Optimizing volumetrics is key, aiming to process as much reactant as possible in as little solvent as possible, which includes minimizing quench and work-up volumes. This leads to optimized vessel loading, influenced by reactant solubility and heat and mass transfer. Improvements in volumetrics can also reduce solvent distillation time if distillation is part of the process, reducing processing cost and the risk of degradation of sensitive products.

Focusing on the completeness of product crystallization or precipitation and minimizing yield losses to the mother or wash liquors is basic yet important. it is crucial to ensure that conditions that increase crystallized yield do not also bring out impurities with the desired product. The method and conditions of drying can also impact efficiency and quality, as improper techniques can slow drying and cause degradation, and dryer unloading mechanics can affect final batch homogeneity.

These basic elements are central to improving cost and efficiency.

How does DSI provide drug substance manufacturing support?

DSI's API consultants are deeply involved in the process. We collaborate closely with chosen chemical development and GMP manufacturing contractors. If requested, we assist in drafting requests for proposals from API CMOs, evaluating bids, and recommending contract awardees. Additionally, we can assist in identifying secondary manufacturers for intermediates or the API and oversee the entire technology transfer between primary and secondary manufacturers.

At the client's request, our consultants can oversee contracted development work and API manufacturing. We are dedicated to understanding the chemistry and existing analytical controls, leveraging insights from previous lab or plant outcomes to anticipate future manufacturing exercises.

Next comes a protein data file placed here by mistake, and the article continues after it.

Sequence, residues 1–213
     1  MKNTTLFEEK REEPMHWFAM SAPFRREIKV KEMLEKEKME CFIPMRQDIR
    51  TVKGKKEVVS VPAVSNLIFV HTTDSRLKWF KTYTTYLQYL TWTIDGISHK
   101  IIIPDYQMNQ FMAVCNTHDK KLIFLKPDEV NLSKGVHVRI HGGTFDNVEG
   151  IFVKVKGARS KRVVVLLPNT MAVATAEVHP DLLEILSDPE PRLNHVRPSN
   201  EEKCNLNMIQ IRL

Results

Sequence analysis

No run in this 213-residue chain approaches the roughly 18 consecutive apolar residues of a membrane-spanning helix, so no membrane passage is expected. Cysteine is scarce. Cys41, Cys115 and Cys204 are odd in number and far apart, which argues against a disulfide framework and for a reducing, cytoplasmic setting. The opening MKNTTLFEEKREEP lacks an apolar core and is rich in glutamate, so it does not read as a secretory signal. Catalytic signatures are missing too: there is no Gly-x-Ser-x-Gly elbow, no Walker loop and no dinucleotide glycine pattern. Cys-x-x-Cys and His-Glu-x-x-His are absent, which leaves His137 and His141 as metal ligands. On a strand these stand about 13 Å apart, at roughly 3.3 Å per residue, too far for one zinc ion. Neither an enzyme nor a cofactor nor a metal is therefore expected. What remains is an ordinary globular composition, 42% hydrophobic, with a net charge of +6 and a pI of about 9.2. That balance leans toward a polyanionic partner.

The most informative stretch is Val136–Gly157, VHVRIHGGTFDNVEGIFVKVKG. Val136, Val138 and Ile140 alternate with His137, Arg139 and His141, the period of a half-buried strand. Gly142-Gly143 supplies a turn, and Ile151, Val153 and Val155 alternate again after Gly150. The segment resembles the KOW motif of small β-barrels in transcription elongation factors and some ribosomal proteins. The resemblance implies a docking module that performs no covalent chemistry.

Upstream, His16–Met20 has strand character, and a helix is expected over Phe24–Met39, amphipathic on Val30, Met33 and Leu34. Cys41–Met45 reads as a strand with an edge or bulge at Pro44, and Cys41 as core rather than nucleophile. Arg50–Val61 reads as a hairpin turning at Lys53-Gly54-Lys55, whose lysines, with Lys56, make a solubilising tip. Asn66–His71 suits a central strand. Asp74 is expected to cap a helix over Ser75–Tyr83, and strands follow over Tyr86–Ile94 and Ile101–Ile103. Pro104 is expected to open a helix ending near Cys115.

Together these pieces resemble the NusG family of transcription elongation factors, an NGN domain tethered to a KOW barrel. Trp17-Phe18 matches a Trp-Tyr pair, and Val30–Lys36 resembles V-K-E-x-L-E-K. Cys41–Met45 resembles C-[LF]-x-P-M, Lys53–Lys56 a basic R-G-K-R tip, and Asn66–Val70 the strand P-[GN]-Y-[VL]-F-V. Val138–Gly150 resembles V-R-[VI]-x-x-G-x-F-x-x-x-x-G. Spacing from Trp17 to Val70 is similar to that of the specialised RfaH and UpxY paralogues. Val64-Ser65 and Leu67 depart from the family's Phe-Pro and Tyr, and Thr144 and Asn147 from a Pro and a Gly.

We will visit the development and manufacturing sites to interact with the local team, develop a repport, and learn about the development, manufacturing, and analytical capabilities that the contractor may offer at the primary site. We will also solicit information about affiliate sites. This will help build a relationship with the contractor’s team and provide an understanding of what is known about the process and its performance at scale, what infrastructure is already in place for API manufacturing, and what additional capabilities can be accessed. The cost and availability of key materials will also be a focus in our planning to support API manufacturing. Concurrently, we will strive to understand the evolving needs of the API and the expected timeframe involved. This informs our assessment of the supply chain and chemical process, helping us identify what may be needed to meet anticipated future API demand.

DSI API consultants contribute to the design of and review data after pre-scale-up laboratory demonstrations. We also review and edit draft master batch records and are available as needed, including on-site, during the execution of the process. Additionally, we review the executed batch records.

We will participate in post-action reviews to extract lessons from completed scale-ups and identify any necessary actions before the next manufacturing exercise, possibly extending to longer-term considerations. DSI API consultants, alongside Quality experts at DSI, the client, and contractor, will review manufacturing-related deviations, investigations, and change controls, often in real-time during production. Our aim is to finalize all manufacturing-related documentation required for product release.

How does DSI offer support for drug substance regulatory affairs?